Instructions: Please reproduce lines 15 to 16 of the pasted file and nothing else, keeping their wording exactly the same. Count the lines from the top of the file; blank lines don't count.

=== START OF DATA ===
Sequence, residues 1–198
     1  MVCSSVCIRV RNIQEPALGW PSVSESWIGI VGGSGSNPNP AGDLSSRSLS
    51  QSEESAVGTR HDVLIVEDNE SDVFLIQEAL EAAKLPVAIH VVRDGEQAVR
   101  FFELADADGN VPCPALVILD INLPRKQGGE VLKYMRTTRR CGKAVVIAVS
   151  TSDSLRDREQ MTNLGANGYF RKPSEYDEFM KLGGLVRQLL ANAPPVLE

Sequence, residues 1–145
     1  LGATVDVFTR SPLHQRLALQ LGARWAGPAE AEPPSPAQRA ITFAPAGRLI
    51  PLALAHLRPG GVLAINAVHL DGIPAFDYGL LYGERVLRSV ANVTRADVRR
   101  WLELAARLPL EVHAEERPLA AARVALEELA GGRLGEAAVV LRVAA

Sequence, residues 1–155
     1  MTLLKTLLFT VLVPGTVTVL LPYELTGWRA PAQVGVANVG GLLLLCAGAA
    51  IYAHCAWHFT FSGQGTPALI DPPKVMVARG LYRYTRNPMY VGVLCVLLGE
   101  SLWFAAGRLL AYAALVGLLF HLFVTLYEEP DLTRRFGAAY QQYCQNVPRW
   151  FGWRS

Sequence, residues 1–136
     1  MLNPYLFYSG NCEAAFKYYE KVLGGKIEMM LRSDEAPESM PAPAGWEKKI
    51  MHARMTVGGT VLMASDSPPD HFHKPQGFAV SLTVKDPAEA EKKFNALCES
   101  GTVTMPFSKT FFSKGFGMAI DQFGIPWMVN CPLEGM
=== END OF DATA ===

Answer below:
Sequence, residues 1–136
     1  MLNPYLFYSG NCEAAFKYYE KVLGGKIEMM LRSDEAPESM PAPAGWEKKI